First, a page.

Anurudh Ganesan is on a bicycle, and on a mission. With every turn of the pedals, gears spin, and a cooler being towed by the bike gets a little colder.
It’s an idea that could save countless lives and won 16-year-old Anurudh an invitation to the 2016 White House Science Fair. The project also made him a winner at the 2015 Google Science Fair.
President Obama described Anurudh’s project as “a refrigerator on wheels that transports vaccines to remote destinations.”
During the April 13 White House Science Fair, the president said Anurudh’s VAXXWAGON is “the kind of innovation and compassion that we’re seeing from so many of these young people.”
What’s the big deal?
Anurudh’s bike-powered cooler creates a perfect environment for vaccines, which must be kept within a narrow range of temperatures just above freezing. Too hot or too cold, and the vaccines spoil.
This is a huge problem. According to the World Health Organization, 1.5 million children die every year because they don’t have access to safe and effective vaccines. Anurudh hopes to change that with his bike-powered VAXXWAGON.
For him, this story is personal.
When he was an infant, living in southern India, his grandparents carried him 16 kilometers to a remote clinic. “Unfortunately, when we got there, the vaccines weren’t viable due to lack of refrigeration,” he says. “I was shocked to see that this is still a problem today.”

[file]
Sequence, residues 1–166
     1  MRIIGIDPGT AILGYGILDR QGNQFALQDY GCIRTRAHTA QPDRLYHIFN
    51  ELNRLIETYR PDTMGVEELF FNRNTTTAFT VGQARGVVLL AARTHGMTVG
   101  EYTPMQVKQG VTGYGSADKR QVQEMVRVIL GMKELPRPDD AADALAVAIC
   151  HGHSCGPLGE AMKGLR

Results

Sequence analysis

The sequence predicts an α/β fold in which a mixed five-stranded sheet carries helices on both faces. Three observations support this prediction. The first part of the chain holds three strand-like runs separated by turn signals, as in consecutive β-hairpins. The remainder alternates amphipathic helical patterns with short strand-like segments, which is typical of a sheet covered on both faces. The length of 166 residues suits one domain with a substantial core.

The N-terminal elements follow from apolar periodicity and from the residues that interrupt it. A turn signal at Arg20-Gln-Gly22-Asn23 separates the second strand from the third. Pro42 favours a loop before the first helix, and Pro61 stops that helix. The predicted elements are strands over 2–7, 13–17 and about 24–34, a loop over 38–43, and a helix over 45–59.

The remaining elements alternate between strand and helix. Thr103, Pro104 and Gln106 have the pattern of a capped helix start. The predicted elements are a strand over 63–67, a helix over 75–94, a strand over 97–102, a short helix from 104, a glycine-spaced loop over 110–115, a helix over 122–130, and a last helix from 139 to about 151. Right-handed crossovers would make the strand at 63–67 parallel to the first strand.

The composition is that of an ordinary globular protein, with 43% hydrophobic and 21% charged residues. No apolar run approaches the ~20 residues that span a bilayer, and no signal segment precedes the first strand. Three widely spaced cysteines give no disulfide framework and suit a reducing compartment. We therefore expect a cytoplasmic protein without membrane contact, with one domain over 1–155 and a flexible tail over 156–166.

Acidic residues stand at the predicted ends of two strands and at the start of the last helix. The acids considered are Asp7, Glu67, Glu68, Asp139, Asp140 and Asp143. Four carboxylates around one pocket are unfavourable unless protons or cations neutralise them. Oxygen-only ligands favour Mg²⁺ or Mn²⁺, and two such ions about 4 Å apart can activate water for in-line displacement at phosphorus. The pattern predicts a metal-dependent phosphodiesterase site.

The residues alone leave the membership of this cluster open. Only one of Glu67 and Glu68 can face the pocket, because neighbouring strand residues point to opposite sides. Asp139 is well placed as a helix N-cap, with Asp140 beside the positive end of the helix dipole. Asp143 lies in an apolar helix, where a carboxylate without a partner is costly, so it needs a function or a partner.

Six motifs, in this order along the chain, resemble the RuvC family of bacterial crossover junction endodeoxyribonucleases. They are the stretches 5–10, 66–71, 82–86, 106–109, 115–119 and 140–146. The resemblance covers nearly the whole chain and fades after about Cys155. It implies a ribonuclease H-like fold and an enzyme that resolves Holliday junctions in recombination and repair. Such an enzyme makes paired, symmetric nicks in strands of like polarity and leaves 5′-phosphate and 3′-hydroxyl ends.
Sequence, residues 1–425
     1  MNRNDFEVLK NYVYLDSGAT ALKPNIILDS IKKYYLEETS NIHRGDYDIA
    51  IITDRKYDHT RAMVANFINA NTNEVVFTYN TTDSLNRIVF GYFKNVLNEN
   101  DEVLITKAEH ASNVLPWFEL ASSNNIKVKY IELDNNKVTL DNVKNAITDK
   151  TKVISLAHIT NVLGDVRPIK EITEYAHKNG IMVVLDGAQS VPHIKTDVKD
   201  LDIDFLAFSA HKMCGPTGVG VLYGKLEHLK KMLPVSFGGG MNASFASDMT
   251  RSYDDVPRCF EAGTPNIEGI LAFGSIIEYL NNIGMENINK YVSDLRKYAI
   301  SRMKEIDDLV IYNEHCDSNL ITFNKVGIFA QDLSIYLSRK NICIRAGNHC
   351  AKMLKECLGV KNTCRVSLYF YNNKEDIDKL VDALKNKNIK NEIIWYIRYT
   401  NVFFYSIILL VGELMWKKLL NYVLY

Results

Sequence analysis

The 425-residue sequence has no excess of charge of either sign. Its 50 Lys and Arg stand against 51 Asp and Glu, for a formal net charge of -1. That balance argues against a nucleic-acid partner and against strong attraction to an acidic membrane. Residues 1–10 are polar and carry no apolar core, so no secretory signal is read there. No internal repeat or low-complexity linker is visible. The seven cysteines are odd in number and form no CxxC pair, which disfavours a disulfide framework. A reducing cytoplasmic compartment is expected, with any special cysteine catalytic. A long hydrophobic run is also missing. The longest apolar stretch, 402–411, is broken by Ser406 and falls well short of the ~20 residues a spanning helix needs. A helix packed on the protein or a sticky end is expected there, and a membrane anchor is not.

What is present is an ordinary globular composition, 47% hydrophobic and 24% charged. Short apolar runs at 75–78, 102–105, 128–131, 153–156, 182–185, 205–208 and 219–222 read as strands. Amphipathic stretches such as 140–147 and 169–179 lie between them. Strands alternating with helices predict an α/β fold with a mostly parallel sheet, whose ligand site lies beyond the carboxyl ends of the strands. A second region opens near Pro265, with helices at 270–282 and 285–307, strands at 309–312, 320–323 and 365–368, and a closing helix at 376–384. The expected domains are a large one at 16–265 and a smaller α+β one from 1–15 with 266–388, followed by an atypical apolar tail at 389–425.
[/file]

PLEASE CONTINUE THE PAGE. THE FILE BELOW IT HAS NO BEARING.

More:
Anurudh decided to find a better way. His big innovation? A purely mechanical refrigeration process that could run on a little bit of power, from a hand crank or bicycle. “This is an absolute game-changer,” says Anurudh. “Currently, last-leg vaccine transportation is done using ice and electricity, both of which are precious resources in developing countries throughout the world.”
After a year of research and tinkering, 200 hours of testing, and a few false starts, VAXXWAGON was ready for the world stage. It won the LEGO Education Builder Award at last year’s Google Science Fair.
After the Google Science Fair and his trip to the White House, Anurudh has big plans. He dreams of becoming a social entrepreneur, starting his own organization dedicated to solving global health problems.
Until then, he will remain a fairly typical American student, playing tennis and hanging out with his friends and family.
But as he refines his revolutionary vaccine cooler, he’s taking time to give back. Based on the support of his parents and teachers, Anurudh discovered a passion for mentoring kids interested in science. “We have a lot of complex problems here in the world today, and science and technology allows them to help solve those problems.”
Anurudh’s VAXXWAGON is the latest of several innovative ways to keep vaccines cool.